April retail sales set for take off, but don’t expect fireworks - CBI
March was bad, April is expected to improve. That, in essence, sums up the latest sales report from the Confederation of British Industry (CBI) showing exactly what you already knew and probably expect for UK retail.
So let’s start with the positive. The latest monthly Distributive Trades Survey survey – which aggregates the views of 142 businesses, including 66 retailers – shows expectations that retail sales volumes will grow in April by 17%. However, don’t expect market fireworks as the CBI expects a “muted recovery” to begin with, given that the 12 April reopening date has cut the month almost in half.
And as physical retail picks up, internet sales are expected to slow to around the long run average next month (+48%). Growth also eased in the year to March (balance of +60%) given that February saw a record performance (+75%).
By contrast, wholesale growth expectations for the year to April are the highest since September 2018 (+33%), presumably in preparation for the start of a spring revival.
This is the first time overall retail sales expectations have been positive since December 2019, reflecting the anticipated reopening of non-essential retail from the middle of the month, the CBI said.
Of course, the +17% figure is boosted by the relatively low base for comparison, given that April 2020 saw the joint sharpest fall in sales since the start of its data in 1983, the report also noted.
However, overall the report suggests April sales volumes are expected to remain “poor for the time of year” as sales are expected to be below seasonal norms to a lesser extent (-19%).
"Orders placed with suppliers are expected to be broadly flat in the year to April, following sharp falls in the first three months of 2021”, it said.
And March’s performance? Retail sales volumes remained well below seasonal norms just as they had been last month (March balance of -45%, from -45% in February).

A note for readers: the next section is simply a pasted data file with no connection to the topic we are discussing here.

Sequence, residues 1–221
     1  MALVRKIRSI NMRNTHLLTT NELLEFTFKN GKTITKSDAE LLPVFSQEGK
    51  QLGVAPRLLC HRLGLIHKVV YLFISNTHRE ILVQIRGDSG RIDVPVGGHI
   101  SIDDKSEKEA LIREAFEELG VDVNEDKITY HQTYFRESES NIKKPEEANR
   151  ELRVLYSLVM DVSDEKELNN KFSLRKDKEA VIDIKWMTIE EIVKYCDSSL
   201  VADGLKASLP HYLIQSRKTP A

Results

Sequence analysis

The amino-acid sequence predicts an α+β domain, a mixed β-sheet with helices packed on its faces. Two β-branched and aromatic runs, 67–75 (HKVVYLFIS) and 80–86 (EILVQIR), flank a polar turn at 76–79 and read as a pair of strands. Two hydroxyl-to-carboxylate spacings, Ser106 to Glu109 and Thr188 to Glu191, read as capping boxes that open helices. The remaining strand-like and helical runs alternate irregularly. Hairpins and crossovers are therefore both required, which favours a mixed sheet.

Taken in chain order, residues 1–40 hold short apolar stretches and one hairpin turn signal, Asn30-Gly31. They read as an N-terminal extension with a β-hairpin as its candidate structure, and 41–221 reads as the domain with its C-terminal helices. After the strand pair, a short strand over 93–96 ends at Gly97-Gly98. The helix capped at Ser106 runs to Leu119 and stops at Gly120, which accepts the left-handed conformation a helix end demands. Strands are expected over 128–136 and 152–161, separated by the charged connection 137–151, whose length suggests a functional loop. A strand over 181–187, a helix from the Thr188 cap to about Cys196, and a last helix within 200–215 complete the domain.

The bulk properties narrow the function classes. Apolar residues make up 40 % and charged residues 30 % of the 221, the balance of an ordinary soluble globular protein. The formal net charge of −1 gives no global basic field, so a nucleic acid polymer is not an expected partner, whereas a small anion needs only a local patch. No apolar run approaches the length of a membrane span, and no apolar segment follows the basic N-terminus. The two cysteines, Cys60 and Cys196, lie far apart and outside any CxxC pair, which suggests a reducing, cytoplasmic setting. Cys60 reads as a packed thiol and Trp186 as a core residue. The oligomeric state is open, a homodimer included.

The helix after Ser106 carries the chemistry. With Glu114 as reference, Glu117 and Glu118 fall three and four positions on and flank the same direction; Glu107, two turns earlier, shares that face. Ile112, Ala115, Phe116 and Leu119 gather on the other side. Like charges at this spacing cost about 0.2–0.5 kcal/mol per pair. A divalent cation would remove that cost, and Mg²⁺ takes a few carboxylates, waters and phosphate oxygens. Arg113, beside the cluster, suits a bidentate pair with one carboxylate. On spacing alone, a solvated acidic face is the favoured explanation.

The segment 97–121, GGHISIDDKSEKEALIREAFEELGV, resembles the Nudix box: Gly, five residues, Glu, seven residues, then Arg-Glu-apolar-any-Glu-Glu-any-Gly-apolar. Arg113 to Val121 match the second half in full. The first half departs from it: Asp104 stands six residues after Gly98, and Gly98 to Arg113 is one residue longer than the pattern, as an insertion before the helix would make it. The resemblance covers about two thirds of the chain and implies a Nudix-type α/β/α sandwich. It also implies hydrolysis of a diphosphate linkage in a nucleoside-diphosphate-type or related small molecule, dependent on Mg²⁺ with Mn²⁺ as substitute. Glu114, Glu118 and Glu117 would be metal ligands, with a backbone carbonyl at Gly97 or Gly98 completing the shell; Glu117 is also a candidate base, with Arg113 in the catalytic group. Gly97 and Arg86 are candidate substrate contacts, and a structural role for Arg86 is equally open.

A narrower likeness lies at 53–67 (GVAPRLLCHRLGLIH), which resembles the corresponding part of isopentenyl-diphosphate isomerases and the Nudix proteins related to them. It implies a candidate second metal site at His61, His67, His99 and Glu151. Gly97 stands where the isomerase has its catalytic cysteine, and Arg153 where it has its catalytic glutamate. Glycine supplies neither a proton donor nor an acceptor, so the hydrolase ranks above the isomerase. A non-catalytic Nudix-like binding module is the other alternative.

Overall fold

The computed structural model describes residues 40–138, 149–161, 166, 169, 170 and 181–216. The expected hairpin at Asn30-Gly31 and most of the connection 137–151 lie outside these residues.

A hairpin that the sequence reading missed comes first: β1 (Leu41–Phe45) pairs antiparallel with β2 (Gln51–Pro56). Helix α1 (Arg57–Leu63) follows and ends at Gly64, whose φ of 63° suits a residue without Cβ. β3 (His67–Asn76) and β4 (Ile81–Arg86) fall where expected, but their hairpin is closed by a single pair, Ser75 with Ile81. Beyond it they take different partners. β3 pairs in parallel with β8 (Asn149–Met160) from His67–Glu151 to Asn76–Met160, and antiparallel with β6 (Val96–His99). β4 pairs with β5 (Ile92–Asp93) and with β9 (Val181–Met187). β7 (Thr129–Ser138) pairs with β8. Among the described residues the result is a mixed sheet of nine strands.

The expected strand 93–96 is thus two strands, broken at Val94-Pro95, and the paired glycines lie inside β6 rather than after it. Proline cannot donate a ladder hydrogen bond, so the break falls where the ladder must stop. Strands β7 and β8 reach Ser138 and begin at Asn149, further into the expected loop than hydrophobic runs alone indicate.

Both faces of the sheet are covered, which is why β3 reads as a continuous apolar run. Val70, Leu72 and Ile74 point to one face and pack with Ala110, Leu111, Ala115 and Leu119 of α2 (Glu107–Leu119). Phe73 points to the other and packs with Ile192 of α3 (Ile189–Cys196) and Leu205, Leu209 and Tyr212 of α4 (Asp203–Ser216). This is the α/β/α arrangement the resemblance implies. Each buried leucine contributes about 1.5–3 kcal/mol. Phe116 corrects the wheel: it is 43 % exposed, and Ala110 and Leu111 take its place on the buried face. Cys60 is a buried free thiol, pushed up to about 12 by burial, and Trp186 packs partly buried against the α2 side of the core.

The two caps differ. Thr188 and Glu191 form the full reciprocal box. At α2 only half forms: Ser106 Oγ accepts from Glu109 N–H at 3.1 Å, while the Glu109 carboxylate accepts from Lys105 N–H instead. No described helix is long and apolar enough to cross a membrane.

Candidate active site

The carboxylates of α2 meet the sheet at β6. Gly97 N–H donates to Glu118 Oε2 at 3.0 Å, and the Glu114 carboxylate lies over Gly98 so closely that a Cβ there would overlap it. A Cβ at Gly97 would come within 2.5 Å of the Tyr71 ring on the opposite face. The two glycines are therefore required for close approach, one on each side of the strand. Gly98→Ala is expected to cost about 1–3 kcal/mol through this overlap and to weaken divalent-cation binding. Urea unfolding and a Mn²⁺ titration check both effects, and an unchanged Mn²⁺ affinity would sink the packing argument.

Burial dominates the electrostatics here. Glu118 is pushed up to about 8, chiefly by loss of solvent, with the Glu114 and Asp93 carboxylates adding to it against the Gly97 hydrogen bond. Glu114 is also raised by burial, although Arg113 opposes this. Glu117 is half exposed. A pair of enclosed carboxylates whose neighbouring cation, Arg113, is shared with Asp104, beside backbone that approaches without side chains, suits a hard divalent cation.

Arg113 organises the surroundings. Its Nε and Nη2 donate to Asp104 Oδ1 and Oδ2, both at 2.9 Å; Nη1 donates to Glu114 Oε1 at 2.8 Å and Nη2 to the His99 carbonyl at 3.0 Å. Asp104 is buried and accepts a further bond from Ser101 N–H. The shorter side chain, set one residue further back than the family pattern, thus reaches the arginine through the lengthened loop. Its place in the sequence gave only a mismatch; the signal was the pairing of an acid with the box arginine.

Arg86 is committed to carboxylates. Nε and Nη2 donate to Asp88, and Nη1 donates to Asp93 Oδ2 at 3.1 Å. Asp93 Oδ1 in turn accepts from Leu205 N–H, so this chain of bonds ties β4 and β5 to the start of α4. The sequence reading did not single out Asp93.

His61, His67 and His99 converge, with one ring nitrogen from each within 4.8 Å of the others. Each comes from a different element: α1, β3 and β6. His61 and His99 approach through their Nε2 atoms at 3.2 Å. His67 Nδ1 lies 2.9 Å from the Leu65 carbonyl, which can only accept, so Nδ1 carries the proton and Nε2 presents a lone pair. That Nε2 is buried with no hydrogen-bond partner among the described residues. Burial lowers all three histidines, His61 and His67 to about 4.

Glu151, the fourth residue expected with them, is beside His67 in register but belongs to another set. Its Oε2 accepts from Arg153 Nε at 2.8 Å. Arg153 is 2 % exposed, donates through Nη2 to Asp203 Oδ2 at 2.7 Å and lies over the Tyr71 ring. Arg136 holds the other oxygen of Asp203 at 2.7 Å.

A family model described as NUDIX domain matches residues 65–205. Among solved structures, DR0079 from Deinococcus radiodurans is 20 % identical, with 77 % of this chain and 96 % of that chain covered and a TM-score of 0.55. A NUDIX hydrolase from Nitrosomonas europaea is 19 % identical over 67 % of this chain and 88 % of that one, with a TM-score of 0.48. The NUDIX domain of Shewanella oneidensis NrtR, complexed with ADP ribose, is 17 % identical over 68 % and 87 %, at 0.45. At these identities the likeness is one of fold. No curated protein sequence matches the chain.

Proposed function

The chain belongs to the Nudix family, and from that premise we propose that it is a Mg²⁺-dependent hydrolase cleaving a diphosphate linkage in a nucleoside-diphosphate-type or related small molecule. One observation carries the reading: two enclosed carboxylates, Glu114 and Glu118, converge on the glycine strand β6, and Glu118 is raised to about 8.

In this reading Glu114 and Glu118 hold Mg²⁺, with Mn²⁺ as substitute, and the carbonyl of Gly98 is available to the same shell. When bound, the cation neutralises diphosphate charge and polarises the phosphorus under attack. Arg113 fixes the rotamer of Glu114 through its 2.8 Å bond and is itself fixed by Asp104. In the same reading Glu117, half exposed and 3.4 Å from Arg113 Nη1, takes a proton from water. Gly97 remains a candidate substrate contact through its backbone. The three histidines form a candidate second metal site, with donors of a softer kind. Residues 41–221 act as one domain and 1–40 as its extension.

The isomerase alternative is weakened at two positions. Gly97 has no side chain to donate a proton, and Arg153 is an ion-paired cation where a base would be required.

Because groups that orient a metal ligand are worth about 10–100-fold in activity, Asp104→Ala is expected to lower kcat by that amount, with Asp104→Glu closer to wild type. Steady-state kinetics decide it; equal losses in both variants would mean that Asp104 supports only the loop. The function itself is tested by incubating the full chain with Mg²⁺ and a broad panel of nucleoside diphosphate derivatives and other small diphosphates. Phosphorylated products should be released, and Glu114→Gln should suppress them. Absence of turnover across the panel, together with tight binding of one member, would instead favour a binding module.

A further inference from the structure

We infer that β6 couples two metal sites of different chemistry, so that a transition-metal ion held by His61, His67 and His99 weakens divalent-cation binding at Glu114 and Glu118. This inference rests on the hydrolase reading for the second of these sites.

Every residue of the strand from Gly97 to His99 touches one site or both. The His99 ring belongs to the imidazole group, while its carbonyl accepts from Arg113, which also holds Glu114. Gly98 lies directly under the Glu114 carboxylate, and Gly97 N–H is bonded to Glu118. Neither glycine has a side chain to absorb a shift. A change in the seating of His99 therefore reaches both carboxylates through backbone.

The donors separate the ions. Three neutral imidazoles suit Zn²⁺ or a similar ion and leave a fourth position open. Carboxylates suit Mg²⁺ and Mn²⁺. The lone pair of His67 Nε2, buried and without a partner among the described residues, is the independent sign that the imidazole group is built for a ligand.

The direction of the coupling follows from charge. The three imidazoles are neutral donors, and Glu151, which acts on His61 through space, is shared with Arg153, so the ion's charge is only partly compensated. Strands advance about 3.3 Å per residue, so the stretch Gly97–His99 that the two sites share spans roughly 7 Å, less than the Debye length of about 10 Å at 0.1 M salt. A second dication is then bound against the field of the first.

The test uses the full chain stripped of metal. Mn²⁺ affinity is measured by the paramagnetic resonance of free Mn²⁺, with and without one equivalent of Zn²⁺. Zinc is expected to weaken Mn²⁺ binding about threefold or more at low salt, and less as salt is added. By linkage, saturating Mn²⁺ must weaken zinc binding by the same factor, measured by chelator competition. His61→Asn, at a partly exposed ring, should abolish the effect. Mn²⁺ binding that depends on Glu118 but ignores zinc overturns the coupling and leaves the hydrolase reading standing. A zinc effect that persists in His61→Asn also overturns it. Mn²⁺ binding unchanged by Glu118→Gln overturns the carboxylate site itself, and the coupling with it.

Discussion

Sales volumes fell particularly sharply in sectors such as clothing, footwear, department stores and furniture & carpets.
The survey revealed a steep drop in the volume of retail sales, highlighting the severe impact of the lockdown for many non-essential retailers.
But even the grocery sector suffered too when comparisons come into play. Despite remaining open to customers, the sector reported the biggest year-on-year decline in sales since April 2020.
However, the decline was in comparison to a period of extraordinarily high demand in March 2020 as shoppers stocked-up on essential items ahead of the first national lockdown.
Despite falling in comparison with last March, grocery sales were seen as “good for the time of year” this month. Similarly, hardware & DIY stores reported that sales were above seasonal norms.
Ben Jones, principal economist at the CBI, said: “Retailers are looking forward to April with a sense of optimism, given the potential re-opening of the sector across the UK. However, it is clear that the potential easing of domestic restrictions next month will not be a panacea for all retailers. Expectations point to a fairly muted recovery, especially when considering that base effects will tend to flatter annual growth next month, given the historic drop in sales in April 2020".
He added: “There may be several reasons for this caution, including the possibility of spending shifting away from retail to other sectors that are scheduled to re-open, such as outdoor hospitality, as well as continued requirements for social distancing in stores and expectations of a gradual return of footfall in town and city centres. Clothing and footwear firms in particular remained fairly downbeat.
“The extension of support announced in this month’s Budget was therefore hugely welcome. More broadly, retailers will be keen for the UK and EU to work together to minimise disruption, avoiding unnecessary cost and complexity for firms as the new trading relationship beds in”.
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